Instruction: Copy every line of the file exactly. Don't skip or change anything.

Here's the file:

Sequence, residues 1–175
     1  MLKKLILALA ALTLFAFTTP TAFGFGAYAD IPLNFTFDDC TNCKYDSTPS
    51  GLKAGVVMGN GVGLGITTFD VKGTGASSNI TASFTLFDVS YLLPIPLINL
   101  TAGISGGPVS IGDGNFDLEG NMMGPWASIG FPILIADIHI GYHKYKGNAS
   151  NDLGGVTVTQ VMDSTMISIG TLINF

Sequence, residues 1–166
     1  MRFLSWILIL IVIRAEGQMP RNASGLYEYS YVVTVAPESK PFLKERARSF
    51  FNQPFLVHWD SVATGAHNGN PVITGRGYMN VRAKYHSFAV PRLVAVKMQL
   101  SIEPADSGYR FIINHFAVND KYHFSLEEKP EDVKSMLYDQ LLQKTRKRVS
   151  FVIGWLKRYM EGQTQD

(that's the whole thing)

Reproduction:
Sequence, residues 1–175
     1  MLKKLILALA ALTLFAFTTP TAFGFGAYAD IPLNFTFDDC TNCKYDSTPS
    51  GLKAGVVMGN GVGLGITTFD VKGTGASSNI TASFTLFDVS YLLPIPLINL
   101  TAGISGGPVS IGDGNFDLEG NMMGPWASIG FPILIADIHI GYHKYKGNAS
   151  NDLGGVTVTQ VMDSTMISIG TLINF

Sequence, residues 1–166
     1  MRFLSWILIL IVIRAEGQMP RNASGLYEYS YVVTVAPESK PFLKERARSF
    51  FNQPFLVHWD SVATGAHNGN PVITGRGYMN VRAKYHSFAV PRLVAVKMQL
   101  SIEPADSGYR FIINHFAVND KYHFSLEEKP EDVKSMLYDQ LLQKTRKRVS
   151  FVIGWLKRYM EGQTQD